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for the same reasons"
Horsehockey. The date versioning number mentioned relates to something that more or less everyone is familiar with, the only explanation required is the order of the numbers. You can simply say, "It's a year, month, day version number," and everyone will be able to follow it immediately. I defy anyone to explain your example as simply.
"Of course you then still have timezone issues, especially if you release builds on consecutive days... as I indicated, not everyone lives in the US... or the same timezone, or in the same 'day'..."
More nonsense. It doesn't matter where "everyone" lives; it only matters where the developers release from, i.e., that the builds are all released from the same time zone. You have to be able to judge them in relation to each other, not compare them to your watch.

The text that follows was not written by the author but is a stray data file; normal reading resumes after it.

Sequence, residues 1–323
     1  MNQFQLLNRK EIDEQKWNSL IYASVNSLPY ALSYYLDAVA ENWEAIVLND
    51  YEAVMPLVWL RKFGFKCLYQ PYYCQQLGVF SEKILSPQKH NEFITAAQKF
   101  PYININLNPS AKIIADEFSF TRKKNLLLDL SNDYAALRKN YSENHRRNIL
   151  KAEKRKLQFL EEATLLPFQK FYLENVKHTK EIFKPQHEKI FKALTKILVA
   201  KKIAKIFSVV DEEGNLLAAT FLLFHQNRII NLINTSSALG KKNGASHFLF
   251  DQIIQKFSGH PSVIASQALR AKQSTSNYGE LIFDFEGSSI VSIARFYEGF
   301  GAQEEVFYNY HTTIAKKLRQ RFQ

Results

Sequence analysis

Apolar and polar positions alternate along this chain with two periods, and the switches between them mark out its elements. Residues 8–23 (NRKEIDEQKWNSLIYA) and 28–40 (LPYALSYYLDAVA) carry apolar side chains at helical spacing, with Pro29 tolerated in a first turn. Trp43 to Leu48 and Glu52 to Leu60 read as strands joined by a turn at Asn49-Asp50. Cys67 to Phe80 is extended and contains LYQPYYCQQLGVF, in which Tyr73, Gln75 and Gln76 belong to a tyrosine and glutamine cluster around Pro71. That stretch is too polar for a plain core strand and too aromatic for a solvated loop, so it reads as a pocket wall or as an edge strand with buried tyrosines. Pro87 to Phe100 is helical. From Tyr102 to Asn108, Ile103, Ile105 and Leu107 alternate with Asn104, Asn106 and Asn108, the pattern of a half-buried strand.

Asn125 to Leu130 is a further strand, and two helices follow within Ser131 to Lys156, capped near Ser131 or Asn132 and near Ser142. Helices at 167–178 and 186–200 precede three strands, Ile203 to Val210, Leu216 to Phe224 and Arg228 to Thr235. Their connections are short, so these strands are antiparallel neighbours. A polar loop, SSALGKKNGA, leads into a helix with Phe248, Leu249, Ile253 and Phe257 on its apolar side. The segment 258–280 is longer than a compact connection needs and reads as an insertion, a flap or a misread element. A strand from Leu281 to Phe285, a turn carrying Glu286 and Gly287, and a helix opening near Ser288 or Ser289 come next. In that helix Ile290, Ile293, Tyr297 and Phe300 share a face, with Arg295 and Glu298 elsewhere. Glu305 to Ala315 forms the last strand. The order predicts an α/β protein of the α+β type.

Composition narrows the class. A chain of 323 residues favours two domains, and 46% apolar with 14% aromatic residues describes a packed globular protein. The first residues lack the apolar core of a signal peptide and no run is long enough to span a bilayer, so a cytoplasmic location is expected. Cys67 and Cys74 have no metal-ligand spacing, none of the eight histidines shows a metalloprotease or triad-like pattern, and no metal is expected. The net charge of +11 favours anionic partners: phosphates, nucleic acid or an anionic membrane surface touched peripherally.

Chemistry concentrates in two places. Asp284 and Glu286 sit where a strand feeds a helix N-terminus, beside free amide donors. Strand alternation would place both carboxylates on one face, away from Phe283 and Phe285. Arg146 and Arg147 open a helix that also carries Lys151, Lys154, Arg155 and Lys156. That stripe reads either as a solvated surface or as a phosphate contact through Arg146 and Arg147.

Of course, there are still problems with a completely date driven format in that it only conveys one piece of information, the date, and this is not really enough.
By the way, YYYYMMDD (with or without extra symbols as separators) is not a standard convention in the US any more than it is anywhere else. I don't know of a place where this has always been the norm for date notation. This is a relatively new standard, initiated specifically for computer storage purposes based on alphabetical sort routines, not based on a US date notation. The US standard notation is the nonsensical MM/DD/YYYY, which anyone would find confusing except by virtue of being used to it or being familiar with what it came from, the more fathomable format demonstrated like so: "June 14, 2005." Being from the US, this format is second nature to me, but it is clear to me that it doesn't really make sense when you are dealing purely with numbers.
"There is no such thing as an 'intuitive' standard..."
Perhas not, but that does not mean that an ordered system based on a previously established standard has no superiority over the nonsensical ravings of a lunatic mind.
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